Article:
European automakers cash in on China car boom
Updated: 2011-01-14 10:37
By Patrick Whiteley and Xiao Xiangyi (China Daily European Weekly)
Yan Guangming, a senior journalist for Shanghai Automotive News, says the battle between Japanese and German cars in China began last century in a war of slogans with the Japanese fi rst saying: "Where there is a road, there is a Toyota.” GAO ERQIANG / CHINA DAILY
"China and Germany have never come face-to-face with conflict or dispute in history. Besides, Chinese think highly of German's sincere apology after World War II.
"That's why I say Germany has a natural advantage over Japan."
Political and social tensions between China and Japan over the decades have been no secret and when a faulty Japanese product comes under scrutiny, its brand reputation can easily suffer in China, and such was the case for Toyota last year.
The company recalled 75,500 RAV4 SUVs made at its joint venture plant in Tianjin due to defective brake pedals.
In a first by a global carmaker's top executive, Toyota Motor Corp's President Akio Toyoda apologized to Chinese customers in an emergency press conference on March 1 in Beijing.
Toyoda bowed before a packed and very surprised media gallery.
"However, Toyota, with its ever-widening ambition and perfect after-sales service in China, still attracts a large number of car buyers in spite of its recall fiasco last year," Yan says.
The senior journalist for Shanghai Automotive News says the battle between Japanese and German cars in China began last century in a war of slogans with the Japanese firing first: "Where there is a road, there is a Toyota."
Yan says Germans returned fire with: "I'm not afraid of going anywhere in a Santana."
Almost three decades later, the Santana has taken millions of Chinese people for the rides of their lives, for many their first ever ride in a car because taxi companies bought hundreds of thousands of Santanas.
In 1981, VW began production of the Santana, a model based on the second-generation Passat, and it enjoyed reasonable sales around the world.
In Europe, the Santana name was dropped in 1985 and the car was sold as a Passat before European production ended in 1988 but in China, the Santana became hugely popular with more than 3 million models sold so far. VW recently announced that the last Santana will roll off the production line in 2012.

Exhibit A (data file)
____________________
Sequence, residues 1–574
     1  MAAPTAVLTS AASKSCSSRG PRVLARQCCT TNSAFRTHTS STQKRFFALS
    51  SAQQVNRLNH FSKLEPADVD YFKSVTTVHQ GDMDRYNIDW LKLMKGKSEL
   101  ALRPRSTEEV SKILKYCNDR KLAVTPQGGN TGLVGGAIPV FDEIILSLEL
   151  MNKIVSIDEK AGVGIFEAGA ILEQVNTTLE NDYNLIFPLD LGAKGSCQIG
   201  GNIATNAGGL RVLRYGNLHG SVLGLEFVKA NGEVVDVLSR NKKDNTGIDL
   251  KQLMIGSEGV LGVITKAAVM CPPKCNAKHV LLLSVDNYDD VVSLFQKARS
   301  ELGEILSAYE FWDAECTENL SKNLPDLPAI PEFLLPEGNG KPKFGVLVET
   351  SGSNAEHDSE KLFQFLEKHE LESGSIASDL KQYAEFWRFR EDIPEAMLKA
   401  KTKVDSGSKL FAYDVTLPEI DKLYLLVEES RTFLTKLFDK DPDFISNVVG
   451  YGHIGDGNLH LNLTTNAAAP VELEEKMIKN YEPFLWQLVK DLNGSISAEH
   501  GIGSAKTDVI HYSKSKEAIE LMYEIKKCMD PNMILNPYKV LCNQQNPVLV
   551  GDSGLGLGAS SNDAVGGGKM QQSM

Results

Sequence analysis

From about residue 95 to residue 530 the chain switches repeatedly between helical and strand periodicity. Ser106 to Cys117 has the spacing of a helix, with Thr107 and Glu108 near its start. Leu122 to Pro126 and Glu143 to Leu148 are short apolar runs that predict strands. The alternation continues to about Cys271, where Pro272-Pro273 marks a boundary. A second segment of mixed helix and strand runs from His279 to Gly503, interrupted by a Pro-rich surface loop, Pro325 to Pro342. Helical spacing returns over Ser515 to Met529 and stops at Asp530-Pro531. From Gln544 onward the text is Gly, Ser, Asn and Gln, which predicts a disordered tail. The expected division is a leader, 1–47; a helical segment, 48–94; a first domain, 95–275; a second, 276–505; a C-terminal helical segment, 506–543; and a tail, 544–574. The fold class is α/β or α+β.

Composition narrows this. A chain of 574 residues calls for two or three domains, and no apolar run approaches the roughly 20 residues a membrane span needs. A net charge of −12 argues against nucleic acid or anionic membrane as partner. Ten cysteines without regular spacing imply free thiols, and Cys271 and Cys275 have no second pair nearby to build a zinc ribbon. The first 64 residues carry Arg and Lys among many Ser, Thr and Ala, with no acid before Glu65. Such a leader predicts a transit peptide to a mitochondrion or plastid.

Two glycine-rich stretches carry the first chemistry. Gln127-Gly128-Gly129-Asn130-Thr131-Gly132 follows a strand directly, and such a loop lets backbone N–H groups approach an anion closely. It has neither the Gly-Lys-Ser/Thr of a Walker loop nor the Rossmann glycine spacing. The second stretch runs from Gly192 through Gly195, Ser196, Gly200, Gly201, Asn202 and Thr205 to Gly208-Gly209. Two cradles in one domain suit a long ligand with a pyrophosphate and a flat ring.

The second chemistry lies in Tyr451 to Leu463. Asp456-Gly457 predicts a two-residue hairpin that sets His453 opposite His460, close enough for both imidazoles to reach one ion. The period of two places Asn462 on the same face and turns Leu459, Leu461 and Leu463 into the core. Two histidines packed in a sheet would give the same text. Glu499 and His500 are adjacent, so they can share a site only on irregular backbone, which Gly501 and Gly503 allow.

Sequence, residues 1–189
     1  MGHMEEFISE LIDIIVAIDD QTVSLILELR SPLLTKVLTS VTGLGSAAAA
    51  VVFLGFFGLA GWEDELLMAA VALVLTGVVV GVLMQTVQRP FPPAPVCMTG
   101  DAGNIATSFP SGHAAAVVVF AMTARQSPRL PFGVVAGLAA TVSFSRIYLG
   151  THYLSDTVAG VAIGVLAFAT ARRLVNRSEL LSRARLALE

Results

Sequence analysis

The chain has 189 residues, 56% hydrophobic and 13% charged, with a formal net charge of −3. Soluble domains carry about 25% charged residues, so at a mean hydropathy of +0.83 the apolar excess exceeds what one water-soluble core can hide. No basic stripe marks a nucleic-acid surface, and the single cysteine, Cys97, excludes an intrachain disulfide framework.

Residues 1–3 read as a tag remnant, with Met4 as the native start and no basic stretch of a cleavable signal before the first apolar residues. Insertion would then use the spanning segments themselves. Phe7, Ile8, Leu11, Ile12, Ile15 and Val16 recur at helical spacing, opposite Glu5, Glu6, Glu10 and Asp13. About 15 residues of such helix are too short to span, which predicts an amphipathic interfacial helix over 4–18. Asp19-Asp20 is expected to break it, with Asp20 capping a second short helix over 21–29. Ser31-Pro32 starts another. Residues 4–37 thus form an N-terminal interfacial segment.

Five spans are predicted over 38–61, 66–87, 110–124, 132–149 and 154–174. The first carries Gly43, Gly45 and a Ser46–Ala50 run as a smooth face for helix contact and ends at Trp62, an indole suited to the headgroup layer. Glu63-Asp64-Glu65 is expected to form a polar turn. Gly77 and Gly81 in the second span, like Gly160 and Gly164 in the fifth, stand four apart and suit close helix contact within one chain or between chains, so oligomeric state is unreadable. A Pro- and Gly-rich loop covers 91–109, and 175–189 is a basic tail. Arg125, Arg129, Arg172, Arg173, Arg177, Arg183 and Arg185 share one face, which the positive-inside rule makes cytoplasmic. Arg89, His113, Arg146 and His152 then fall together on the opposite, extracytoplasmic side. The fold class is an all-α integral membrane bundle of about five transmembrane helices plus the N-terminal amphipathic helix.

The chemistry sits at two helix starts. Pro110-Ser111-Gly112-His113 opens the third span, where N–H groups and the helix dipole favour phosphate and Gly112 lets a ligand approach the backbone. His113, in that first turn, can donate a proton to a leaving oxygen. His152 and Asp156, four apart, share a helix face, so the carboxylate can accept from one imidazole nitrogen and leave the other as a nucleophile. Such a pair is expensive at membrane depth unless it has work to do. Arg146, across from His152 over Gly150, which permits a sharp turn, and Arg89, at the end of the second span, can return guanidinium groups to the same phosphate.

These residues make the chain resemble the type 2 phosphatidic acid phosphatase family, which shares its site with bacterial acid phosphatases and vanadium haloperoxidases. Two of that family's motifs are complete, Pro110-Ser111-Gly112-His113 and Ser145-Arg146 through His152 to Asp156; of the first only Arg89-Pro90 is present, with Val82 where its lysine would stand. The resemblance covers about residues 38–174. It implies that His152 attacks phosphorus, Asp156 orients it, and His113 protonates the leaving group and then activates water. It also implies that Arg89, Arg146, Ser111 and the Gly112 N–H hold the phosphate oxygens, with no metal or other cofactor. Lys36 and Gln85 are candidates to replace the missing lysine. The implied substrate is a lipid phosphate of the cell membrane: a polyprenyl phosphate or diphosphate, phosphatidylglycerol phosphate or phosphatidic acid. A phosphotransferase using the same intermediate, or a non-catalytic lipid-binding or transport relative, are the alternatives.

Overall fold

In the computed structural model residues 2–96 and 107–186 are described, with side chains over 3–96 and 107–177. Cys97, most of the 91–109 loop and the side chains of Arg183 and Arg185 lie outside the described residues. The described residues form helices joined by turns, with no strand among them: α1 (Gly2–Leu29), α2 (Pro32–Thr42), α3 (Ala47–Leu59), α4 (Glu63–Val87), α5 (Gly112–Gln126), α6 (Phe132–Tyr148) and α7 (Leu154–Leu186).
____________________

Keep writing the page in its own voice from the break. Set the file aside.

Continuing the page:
The story of the Santana reflects the story of the car revolution in China, and especially four-wheel affordability.
When the model made its debut in 1983, urban per capita monthly disposable income in Beijing was 49 yuan (5.7 euros), putting its 200,000-yuan price tag far out of reach of most people.
In 2010, the city's urban per capita monthly disposable income now tops 2,228 yuan ($332), while to drive away in a brand new Santana costs just 100,000 yuan.
"Santana is a legend. The Santana to Chinese is what the Beetle was to Germans and Santana's success is the success of its localization," Yan says.
"Many companies have realized that they have to gain China, or lose the world, but whether it can gain China or not depends on how localized it is here in China."
After Volkswagen hit China's roads, many more foreign carmakers followed but under Chinese law had to partner local companies.
General Motors followed VW to SAIC; VW formed another joint venture with FAW, which also teamed with Mazda; Mercedes-Benz and Hyundai joined BAIC; Toyoya, Honda, Fiat and recently Chrysler joined GAC and Peugeot, Honda, Citroen, and Nissan joined Dongfeng while Ford and recently PSA partnered Chang'an Motors.
Ashvin Chotai, managing director of Intelligence Automotive Asia, says European brands have always been well perceived but there are regional variations regarding branding impact.
"For example, in the south of China, Japanese brands are more popular than European brands," he says.
Chotai says Chinese car buyers, especially those with more sophisticated tastes on the East Coast, are very discerning and brand conscious though not necessarily brand loyal.
"Foreign brands are perceived more positively and there is prejudice against Chinese brands although this is slowly changing," he says.
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